For the last two semesters I taught college students how to use Arduinos to make art, which was a lot of fun. The class was 2.5 hours long, twice a week for 15 weeks. I wanted to compress much of the basics into a Beginner Arduino Class for the space, and we (mostly) did it.
The class ran for 4 hours, and covered about a dozen examples using various components to get through the concepts of digital input, digital output, analog input, analog output, and covered the Arduino software a bit and the Arduino world, including some example projects for inspiration.
I did limit the class to six students, and I supplied all needed parts. All the student had to bring was a computer with the software installed and a free USB port. I wanted everyone to have all the same parts so we could avoid things not working due to different components, which I’ve faced in the past. Overall, I was pleased with the outcome, though we did run out of time. I may have to alter things next time, or just put time limits on certain parts of the class.
I’ll aim for the next class to happen in February, and once enough people get through the Beginner Class I’ll work on an Intermediate Class. If you’re interested in taking the class, add your name to the “Interested Members” list at the bottom of the wiki page.
I did a few glass etching classes last month, and the timing was good because people were looking for unique gifts they could make for the holidays, and a personalized etched drinking glass makes a fine gift!
We started out by cutting vinyl on the Silhouette Cameo and then sticking it onto glass bottles. This let everyone get a feel for the sandblaster before they moved on to a real glass.
After everyone used the sandblaster I helped people get their artwork ready, we cut the vinyl, and then everyone etched their glass or mug. (We also got a few lessons on troubleshooting the “temperamental” sandblaster.)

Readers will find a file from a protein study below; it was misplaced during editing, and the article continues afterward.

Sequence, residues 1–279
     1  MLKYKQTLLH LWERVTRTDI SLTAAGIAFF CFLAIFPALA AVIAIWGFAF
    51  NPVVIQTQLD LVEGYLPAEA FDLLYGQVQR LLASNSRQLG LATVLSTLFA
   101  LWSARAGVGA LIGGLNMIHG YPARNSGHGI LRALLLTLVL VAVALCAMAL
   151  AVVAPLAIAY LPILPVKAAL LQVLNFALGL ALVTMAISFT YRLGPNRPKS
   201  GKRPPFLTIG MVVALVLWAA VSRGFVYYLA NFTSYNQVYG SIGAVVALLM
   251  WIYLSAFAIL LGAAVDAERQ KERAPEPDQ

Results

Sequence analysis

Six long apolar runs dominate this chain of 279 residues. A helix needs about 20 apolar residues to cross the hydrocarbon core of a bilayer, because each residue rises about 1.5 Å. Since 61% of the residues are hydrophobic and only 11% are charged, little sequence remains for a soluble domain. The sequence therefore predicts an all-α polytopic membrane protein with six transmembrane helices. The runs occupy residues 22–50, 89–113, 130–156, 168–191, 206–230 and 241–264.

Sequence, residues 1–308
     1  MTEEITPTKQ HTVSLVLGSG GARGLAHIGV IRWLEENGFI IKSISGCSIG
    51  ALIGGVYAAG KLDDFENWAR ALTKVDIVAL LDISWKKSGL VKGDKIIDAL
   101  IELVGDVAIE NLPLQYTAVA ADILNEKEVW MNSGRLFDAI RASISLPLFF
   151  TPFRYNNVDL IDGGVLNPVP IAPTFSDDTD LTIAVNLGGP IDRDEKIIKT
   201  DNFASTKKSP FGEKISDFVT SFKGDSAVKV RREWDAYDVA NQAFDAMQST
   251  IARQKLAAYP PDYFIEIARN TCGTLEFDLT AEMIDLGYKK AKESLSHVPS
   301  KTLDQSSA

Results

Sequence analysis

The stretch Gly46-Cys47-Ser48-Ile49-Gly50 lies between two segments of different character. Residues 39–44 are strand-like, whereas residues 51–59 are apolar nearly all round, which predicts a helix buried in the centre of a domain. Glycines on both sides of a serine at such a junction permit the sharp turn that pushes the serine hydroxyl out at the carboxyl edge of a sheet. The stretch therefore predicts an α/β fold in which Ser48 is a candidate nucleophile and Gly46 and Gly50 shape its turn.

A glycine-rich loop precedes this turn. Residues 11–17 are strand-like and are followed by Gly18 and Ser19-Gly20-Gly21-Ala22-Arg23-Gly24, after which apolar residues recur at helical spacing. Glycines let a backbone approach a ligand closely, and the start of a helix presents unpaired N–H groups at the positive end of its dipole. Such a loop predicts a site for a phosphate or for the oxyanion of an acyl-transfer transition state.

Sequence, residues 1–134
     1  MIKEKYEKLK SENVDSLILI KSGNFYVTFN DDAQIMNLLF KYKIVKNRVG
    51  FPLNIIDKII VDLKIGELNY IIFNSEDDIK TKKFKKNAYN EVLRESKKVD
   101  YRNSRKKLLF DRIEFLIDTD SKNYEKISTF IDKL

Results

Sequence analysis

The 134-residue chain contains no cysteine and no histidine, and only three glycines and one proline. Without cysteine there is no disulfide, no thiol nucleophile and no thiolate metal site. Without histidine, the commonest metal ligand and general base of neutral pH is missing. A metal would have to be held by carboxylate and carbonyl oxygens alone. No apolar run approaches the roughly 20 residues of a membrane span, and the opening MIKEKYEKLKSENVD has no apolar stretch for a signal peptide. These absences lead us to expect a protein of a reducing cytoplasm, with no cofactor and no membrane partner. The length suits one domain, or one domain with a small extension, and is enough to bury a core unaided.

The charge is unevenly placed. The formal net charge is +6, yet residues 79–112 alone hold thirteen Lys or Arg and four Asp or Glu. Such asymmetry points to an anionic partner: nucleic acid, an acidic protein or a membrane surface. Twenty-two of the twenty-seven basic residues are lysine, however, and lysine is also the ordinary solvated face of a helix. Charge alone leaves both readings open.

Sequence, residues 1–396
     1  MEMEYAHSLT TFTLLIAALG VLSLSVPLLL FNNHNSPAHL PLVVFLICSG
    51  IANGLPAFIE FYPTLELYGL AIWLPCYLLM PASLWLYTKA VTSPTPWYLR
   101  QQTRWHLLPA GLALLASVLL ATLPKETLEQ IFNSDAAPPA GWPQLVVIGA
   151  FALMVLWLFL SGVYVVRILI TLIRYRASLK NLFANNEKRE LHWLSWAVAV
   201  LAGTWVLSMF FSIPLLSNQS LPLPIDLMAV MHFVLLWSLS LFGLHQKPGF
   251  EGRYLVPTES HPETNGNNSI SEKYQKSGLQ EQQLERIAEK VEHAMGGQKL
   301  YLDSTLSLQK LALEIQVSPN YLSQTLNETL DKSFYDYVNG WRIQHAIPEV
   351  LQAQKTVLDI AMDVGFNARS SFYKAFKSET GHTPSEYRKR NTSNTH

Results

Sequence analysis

Unfortunately I was too darn busy running the class to take any photos (though Ben did) but I liked what Audrey did, so I pretty much copied her and made my own “Milwaukee Makerspace Racing Team” drinking glass. Here it is!
Here’s a close-up of the etch. It looks pretty good! The process isn’t too hard, but there are a lot of little details to know along the way. I’m glad I could get people up to speed. (I guess my etching of 300+ items back in October helped!)
If there’s still interest, I can run another class, but there’s only two people right now who missed it, and I’d like to get a few more people before committing to a full class. (Rumor has it we may also be seeing a sandblaster upgrade soon!)
If you saw the post about our Aluminum Anodizing Workshop, you probably wondered what the Metal Shop looked like with 20 makers running around prepping pieces of aluminum. Well, here’s a short time lapse video to show you.
On November 16th, 2013 we had an Aluminum Anodizing Workshop led by Frankie Flood. We had about 16 members in the workshop, which ran from 10am to 6pm. That seems like a long class, but the first few hours were really dedicated to learning all about the process, and about working with metal.
We learned about annealing metal, about forming it and shaping it, and how to add texture, and ping it with a hammer, and buffing and polishing, and about the anodizing process, and the dying of metal, and how to add resist, and the sealing process.
After Frankie dropped all the knowledge on us, we had the rest of the workshop to make things. Everyone got busy, first cutting pieces of metal, and then doing whatever they wanted with it. When a piece was ready it went into the first bath for 15 minutes, then a second bath for 5 minutes, and then it sat in a rinse until we had enough to anodize, which we did every 45 minutes or so. Almost everyone left the class with a few pieces (or one totally awesome piece.)
There was a lot of interest in the workshop, so we may run another one (if Frankie is willing!) and we’re also talking about permanently adding anodizing to the capabilities of the space.
We also want to give a big thanks to Frankie for teaching us, and to Michael for organizing the class. Everyone had a good time, learned a lot, and walked away with some nice looking pieces of metal.
Note: See Frankie’s post for a ton more photos!
This 3 hour workshop will briefly cover the basics of Processing and then dive into a collaborative team project. We will link peripherals like Wii Controllers & Balance boards, PS3 controllers and mobile accelerometers to unite on a single art piece.
More details here